Frodo and his friends make it to Rivendell where there is a great council of all different warriors from Middle Earth. There are elves, dwarfs, men, and even one very powerful wizard. And the discussion is of what is to be done with the ring. After much debate and no clear solution due to a lack of trust among the council members, Frodo volunteers to take the ring all the way to Mount Doom. A small team now assembles of warriors who pledge their allegiance to Frodo and to keeping him safe. This is the fellowship.
While the first half of the movie is all about getting to Rivendell and to this council meeting and then deciding what is to be done with the ring, the second half is much more about action. We meet the different members of the fellowship including some men, a dwarf, and an elf, and then travel with them through open fields, snow covered mountains, and even into underground tunnels and mines. And they come under attack quite a bit.
Our heroes find themselves fighting off a giant sea serpent who hides in the water outside the mines, as well as a cave troll who swings a huge hammer around, and then a Balrog, which is a sort of horned giant made out of fire and smoke. All the while, they are also running across narrow bridges, jumping around crumbling staircases, and dodging soaring arrows that are being shot at them from deadly Orc creatures. The mines scenes, from the moment they enter, until they face the Balrog and then leave, are the greatest scenes in the movie.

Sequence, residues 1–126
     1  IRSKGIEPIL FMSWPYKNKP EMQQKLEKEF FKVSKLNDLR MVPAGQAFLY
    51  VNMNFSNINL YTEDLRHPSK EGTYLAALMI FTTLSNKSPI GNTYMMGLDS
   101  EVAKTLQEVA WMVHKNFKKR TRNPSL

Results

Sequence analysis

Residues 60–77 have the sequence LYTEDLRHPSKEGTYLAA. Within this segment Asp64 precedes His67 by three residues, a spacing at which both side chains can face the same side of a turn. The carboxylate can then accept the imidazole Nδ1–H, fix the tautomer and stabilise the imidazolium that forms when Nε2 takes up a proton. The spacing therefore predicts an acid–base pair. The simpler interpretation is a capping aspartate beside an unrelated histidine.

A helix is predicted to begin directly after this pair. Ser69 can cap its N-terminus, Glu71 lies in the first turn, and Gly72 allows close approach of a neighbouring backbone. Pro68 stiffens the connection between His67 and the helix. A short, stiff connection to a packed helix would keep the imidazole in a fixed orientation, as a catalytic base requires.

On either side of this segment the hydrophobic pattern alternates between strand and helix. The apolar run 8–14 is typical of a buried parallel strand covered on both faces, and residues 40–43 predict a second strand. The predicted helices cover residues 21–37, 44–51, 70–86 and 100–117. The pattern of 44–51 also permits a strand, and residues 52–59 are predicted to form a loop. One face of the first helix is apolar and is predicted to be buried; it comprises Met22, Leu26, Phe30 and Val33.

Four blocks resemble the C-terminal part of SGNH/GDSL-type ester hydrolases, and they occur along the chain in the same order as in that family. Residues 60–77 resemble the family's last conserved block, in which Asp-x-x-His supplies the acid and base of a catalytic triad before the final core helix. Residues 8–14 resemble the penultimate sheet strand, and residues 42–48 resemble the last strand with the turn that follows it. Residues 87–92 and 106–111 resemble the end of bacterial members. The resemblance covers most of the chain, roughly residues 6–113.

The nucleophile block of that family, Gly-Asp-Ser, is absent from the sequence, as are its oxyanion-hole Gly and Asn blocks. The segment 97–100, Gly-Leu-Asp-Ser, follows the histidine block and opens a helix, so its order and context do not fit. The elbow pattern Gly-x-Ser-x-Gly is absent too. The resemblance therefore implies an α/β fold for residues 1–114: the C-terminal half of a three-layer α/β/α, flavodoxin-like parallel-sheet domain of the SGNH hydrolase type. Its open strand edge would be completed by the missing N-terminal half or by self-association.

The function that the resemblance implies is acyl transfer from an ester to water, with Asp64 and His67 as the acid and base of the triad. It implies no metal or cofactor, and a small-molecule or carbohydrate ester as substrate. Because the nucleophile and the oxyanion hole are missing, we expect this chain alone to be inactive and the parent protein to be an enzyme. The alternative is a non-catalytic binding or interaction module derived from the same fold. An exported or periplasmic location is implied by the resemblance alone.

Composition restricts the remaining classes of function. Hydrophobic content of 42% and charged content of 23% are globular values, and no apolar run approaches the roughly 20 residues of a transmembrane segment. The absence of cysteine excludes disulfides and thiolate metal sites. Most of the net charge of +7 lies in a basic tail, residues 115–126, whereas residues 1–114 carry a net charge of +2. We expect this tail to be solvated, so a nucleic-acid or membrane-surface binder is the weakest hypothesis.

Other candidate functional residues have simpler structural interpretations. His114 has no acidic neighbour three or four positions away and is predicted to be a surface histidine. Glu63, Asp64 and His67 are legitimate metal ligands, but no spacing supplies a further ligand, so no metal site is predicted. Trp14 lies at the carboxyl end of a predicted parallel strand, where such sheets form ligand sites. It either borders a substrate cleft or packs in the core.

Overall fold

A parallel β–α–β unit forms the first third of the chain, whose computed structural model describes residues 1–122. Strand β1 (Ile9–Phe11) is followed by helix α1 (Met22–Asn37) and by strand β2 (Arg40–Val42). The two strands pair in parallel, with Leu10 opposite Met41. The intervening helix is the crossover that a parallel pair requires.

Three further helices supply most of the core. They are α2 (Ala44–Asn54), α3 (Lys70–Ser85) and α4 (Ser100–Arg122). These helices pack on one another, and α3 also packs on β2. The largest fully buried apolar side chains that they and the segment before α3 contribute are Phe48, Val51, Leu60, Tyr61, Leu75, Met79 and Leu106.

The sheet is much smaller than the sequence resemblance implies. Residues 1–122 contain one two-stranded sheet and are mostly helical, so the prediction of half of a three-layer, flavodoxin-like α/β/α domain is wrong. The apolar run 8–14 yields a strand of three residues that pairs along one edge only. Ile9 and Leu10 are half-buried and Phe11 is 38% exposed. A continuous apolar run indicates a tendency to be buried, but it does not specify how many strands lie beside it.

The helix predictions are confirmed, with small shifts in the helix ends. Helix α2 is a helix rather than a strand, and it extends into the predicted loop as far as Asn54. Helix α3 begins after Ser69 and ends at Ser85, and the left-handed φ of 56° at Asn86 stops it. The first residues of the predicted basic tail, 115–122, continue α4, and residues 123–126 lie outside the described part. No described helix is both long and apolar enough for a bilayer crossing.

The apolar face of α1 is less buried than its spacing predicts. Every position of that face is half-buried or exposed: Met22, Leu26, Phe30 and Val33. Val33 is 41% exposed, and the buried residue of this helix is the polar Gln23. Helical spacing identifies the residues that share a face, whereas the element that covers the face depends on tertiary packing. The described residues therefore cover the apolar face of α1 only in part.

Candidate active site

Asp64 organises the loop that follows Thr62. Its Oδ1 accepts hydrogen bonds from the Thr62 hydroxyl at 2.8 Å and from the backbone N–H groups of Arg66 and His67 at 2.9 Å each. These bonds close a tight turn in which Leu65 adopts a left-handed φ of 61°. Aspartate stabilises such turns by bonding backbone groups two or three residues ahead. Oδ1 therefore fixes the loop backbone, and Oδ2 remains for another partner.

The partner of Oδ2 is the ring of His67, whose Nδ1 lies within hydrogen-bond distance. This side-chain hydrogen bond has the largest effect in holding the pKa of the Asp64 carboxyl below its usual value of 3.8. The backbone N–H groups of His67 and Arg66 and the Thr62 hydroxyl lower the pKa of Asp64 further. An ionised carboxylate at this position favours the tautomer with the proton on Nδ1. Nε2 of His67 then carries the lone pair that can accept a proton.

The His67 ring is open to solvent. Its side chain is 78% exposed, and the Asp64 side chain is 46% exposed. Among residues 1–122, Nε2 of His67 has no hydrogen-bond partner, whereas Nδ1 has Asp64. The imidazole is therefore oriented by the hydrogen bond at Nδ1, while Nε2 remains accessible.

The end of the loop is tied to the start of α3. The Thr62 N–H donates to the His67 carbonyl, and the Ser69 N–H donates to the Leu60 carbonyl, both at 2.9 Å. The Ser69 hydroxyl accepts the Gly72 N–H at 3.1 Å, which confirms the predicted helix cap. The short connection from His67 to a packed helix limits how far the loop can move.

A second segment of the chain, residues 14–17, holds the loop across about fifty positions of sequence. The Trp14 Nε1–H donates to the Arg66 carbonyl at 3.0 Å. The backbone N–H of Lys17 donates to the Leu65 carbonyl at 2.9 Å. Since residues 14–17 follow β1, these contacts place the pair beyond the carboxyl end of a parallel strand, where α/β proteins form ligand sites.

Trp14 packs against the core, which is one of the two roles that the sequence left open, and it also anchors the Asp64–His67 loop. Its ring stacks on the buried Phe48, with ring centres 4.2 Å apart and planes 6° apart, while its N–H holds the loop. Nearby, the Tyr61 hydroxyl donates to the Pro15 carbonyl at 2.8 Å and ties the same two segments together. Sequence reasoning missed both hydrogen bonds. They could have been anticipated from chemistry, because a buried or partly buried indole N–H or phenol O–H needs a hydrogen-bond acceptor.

But the film still has much ahead of it, including a visit to another Elven land, a rowboat excursion down a river and past great towering statues, and then finally back onto land to take on a new army that we have watched being bred by the evil wizard Saliman, throughout the film. This army is composed of creatures, called Uruk-hai, that are hideous beasts, and we get some wonderful climactic action as our characters face off against them. The movie as a whole is the single film of the trilogy that really feels like it tells the story of a journey from one place to another, with many stop-offs in between. This is the movie that is most focussed on the mission and understanding it, as well as the film that establishes the team that will devote their lives to carrying this mission out. It’s also the movie with the greatest action. The other films might have longer and bigger action scenes, but this movie offers us a variety, taking us to all different locations to watch all different kinds of battles. It is an amazing movie that really does feel epic, just on it’s own, and tells a fantastic story of how the great mission came to be.